Mr. Rutte’s push, one of several options he is expected to float at an EU summit in Brussels, is part of his effort to persuade domestic voters he is responding to their concerns about the Ukraine deal, which Dutch voters rejected in an April referendum, WSJ wrote.

Mr. Rutte faces elections in the spring. Among his principle rivals is Geert Wilders, whose anti-immigration Party for Freedom favors leaving the EU.

However, the Dutch prime minister’s Ukraine demands risk undermining the EU’s Ukraine pact, which has offered Kyiv a key economic lifeline and become a symbol of the EU’s alliance with Ukraine’s pro-western government. There is growing frustration with Mr. Rutte’s handling of the issue, with some saying he has done too little, too late to resolve it.

"The risk of an impasse is big. The implementation of the agreement could be suspended," a Belgian diplomat said Wednesday.

Mr. Rutte has said publicly he is pessimistic a deal can be reached and that the Netherlands may therefore be unable to ratify the agreement.

The deal, which has helped drive a modest boost in Ukraine’s exports to the EU, has been ratified in Kyiv, Brussels and all member states except the Netherlands.

The EU has said it won’t reopen the text of the agreement since this would force everyone to ratify it again. It could also provide an opening for Russia, which fiercely opposed the pact, to block it.

According to Dutch and European officials, Mr. Rutte will tell EU leaders he is exploring a couple of options. One is a military opt-out of the EU deal, which covers trade, political and military ties. He will also press for a legally binding declaration by EU leaders that will state, among other things, that the agreement doesn’t pave the way for Ukraine’s EU membership or necessitate further financial assistance.

Read alsoEU leaders and slackers in supporting Ukraine’s reforms - Euromaidan PressThose options are similar to ones that have been talked about in the aftermath of April’s referendum.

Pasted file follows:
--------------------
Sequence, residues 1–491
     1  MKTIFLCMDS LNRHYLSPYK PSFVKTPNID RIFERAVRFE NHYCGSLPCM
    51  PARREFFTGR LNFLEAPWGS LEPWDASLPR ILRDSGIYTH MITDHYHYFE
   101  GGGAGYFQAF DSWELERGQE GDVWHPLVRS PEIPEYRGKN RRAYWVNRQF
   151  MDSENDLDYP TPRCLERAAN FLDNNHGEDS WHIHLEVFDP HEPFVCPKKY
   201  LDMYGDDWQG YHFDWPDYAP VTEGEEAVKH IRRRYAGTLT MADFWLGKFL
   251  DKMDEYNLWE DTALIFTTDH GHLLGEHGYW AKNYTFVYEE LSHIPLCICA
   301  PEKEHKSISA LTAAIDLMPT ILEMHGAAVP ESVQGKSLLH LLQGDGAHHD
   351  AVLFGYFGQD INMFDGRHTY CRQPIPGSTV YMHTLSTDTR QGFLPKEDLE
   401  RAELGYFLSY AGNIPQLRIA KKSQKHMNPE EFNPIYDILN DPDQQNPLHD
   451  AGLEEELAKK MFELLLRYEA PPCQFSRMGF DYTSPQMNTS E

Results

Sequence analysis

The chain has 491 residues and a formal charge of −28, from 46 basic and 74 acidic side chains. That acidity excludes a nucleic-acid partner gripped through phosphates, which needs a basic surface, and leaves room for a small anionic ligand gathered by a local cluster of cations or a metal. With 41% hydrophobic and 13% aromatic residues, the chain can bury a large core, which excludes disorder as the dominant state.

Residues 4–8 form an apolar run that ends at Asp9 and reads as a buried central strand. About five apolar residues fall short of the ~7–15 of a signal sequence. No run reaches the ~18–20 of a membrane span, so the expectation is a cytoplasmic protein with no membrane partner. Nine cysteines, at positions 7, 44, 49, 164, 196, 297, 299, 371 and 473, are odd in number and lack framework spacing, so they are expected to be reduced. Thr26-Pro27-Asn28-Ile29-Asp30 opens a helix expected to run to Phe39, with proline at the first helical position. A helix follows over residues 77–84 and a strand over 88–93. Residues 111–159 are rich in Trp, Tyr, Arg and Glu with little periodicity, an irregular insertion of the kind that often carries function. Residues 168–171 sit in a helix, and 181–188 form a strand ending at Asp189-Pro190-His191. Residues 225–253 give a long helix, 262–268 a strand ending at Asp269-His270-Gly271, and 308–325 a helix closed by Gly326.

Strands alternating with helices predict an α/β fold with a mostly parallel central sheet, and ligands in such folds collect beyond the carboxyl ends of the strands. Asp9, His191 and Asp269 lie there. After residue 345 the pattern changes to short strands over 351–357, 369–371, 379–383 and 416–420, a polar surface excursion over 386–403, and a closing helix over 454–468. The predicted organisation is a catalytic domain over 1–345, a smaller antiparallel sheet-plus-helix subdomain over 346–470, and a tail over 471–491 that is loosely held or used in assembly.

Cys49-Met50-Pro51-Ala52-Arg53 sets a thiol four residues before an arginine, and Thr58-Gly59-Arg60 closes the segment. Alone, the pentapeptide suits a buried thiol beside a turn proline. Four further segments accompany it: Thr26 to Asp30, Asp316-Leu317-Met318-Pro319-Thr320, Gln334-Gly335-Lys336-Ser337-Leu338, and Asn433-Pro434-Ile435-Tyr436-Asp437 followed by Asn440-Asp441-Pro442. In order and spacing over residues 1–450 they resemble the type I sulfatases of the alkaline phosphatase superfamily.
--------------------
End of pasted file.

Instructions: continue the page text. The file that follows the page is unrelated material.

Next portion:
Dutch and European officials say Mr. Rutte will also warn EU leaders that even if the bloc agrees to his demands, he may not win domestic backing for the deal. The Dutch parliament is pressing Mr. Rutte to set out his plans by Nov. 1.

"No one is very keen to deal with this," said one senior EU official. "It is seen as Mark Rutte’s problem."

European diplomats have long since identified legal and political problems with Mr. Rutte’s options.

Read alsoEuropean Parliament has stable majority to introduce visa-free regime with Ukraine – SchulzThe biggest concern is that a failure by Mr. Rutte to win his parliament’s support for the deal could force the EU to end its provisional application of the deal. The legal position isn't crystal clear but EU officials believe that as long as Dutch authorities still intend to eventually ratify the deal, the EU can apply the accord. That could change, though, if the Dutch government and parliament formally drop the deal.

"I think there is a lot of worry about this," said one senior EU diplomat. "This is big stuff" for Ukraine.